To paint like a primitive.


 The challenge is therefore to free the images, by means of proliferation, quotations, repossession, repetition. But by freeing the images, the artist also frees himself from the weight of a certain tradition. The release of images is also the release of the painter, and vice-versa. In the end, the task is very pragmatic: to learn again to look at the colour yellow, red, etc. To stand the look of a woman in a white blouse, of Derrick, of Futuroscope itself. To know how to see again, in the system of hierarchies that we call culture, that for which we generally look away. Laying everything flat, and making all these images co-exist, independently from their origin, without considering that they are all the same: some are more powerful than others, and this power shows in their ability to shape the look. It is no less than learning again to look and to paint ? at this level it?s the same thing. Putting to one side the hierarchies established in the visible, to really be able to see again. And for this, bringing life back to images, learning to detect those that have their own.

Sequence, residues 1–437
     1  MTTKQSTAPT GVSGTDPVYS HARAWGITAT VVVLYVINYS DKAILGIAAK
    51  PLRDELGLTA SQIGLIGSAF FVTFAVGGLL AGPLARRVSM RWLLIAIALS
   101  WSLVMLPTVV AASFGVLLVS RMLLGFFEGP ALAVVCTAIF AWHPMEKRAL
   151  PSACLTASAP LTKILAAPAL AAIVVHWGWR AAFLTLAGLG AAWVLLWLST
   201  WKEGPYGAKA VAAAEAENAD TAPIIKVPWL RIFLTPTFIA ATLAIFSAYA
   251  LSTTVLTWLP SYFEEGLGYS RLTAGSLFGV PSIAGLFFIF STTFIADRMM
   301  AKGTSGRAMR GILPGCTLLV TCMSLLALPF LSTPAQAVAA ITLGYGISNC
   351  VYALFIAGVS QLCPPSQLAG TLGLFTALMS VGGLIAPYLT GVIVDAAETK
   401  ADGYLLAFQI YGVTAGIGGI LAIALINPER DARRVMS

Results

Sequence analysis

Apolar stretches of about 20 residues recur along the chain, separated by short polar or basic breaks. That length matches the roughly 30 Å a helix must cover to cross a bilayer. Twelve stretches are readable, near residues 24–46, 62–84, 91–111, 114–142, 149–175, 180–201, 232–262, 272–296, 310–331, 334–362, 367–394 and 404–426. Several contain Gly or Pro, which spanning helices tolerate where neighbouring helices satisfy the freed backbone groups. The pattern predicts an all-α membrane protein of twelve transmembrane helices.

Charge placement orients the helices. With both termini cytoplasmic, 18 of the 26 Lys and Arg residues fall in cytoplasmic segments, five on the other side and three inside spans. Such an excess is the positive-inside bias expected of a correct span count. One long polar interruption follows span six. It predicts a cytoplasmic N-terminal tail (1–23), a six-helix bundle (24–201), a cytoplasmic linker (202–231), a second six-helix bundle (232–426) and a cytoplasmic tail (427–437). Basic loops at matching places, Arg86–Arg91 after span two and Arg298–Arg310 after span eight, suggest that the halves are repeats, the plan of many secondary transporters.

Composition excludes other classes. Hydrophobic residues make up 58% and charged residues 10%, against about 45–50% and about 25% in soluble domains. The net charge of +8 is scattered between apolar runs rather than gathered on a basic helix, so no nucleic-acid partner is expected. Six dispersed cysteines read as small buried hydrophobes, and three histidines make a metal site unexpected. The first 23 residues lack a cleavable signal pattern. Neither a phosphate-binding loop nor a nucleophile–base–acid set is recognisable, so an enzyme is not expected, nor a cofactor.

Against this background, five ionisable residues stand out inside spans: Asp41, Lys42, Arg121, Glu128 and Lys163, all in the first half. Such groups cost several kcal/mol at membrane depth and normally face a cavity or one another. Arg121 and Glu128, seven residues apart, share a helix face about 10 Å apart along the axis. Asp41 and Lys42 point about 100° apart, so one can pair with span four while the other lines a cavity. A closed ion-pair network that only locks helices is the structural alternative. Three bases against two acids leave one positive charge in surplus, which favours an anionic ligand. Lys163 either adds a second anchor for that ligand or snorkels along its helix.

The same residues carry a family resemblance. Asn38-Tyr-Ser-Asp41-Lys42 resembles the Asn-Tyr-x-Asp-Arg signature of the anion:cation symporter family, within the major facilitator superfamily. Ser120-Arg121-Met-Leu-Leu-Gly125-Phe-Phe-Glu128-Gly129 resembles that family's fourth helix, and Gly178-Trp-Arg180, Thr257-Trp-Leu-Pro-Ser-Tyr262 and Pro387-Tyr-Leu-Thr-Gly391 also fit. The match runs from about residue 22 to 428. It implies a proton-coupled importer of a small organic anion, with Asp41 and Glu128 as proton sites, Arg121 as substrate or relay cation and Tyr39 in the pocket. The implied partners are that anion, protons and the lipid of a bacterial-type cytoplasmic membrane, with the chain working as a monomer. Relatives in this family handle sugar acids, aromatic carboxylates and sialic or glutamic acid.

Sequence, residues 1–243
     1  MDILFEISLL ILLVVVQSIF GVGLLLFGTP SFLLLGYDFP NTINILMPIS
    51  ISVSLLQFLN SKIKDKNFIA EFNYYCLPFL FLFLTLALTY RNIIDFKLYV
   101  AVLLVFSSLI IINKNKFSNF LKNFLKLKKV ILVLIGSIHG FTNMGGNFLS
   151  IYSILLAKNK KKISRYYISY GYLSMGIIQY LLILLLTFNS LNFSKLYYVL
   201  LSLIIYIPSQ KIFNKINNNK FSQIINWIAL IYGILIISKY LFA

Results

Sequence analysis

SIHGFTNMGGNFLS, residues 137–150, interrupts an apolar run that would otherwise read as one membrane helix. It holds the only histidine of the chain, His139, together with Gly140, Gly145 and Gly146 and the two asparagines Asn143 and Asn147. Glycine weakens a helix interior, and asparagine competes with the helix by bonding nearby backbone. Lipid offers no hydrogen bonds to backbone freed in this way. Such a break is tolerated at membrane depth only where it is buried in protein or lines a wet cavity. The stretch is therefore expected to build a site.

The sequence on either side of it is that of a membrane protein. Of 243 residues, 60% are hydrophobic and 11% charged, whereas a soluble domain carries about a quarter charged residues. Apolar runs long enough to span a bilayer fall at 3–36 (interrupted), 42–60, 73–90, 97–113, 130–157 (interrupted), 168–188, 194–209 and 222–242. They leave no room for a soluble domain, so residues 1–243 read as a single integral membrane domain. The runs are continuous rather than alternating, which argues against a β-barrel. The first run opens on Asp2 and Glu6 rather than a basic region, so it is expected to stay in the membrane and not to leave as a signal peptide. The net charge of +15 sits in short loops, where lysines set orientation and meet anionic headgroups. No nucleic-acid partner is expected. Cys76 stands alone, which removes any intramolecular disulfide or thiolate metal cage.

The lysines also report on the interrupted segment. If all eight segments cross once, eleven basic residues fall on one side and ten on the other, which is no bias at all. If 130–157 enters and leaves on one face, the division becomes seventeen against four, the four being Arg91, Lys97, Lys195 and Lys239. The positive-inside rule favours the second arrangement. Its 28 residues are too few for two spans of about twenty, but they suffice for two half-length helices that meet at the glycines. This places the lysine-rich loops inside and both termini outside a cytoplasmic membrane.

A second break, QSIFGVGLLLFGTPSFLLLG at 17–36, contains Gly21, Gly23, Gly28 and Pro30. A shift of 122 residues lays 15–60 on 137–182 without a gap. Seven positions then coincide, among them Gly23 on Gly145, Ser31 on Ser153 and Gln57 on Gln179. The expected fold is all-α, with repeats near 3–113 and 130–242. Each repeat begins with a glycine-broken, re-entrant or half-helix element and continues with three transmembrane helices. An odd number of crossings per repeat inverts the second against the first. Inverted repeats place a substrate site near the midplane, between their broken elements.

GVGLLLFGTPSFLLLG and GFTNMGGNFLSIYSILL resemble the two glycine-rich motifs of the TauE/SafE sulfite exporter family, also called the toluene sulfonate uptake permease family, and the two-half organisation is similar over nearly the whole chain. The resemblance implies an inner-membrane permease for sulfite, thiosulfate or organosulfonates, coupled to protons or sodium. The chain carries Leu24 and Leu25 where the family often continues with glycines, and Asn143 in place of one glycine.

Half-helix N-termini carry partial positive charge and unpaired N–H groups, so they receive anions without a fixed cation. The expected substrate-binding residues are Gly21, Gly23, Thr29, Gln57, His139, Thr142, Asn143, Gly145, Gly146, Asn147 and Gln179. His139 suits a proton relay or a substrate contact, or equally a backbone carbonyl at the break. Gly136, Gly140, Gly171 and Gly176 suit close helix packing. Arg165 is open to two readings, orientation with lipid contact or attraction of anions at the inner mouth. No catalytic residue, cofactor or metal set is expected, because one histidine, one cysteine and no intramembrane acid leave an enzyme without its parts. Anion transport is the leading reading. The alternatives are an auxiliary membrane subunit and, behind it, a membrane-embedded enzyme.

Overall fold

To paint like a primitive, doesn?t only mean to go back to a sort of innocence specific to painters at the beginning of the Renaissance, to take back this gesture of relative freedom earned from religion, namely by referring to the Ancient tradition. It is above all to make aufhebung of modern tradition and what followed, to go past it from the inside. It is, in the end, to leave history: to be primitive today, to be able to paint the world as if we had never seen it, as if images and an entire tradition hadn?t inserted themselves between us and the world; but also, to take these images for what they are: presences, visual matrixes. Not to be fooled, while also remaining sensitive to them. It means: accepting them as presences, as the temporary and partial incarnation of a thing that continues its invisible life out of canvasses and videos: they are powerful, they have an immaterial flesh, and as this, they act. The image is alive: a spectral existence in the invisible limbo, that doesn?t stop it producing images in reality.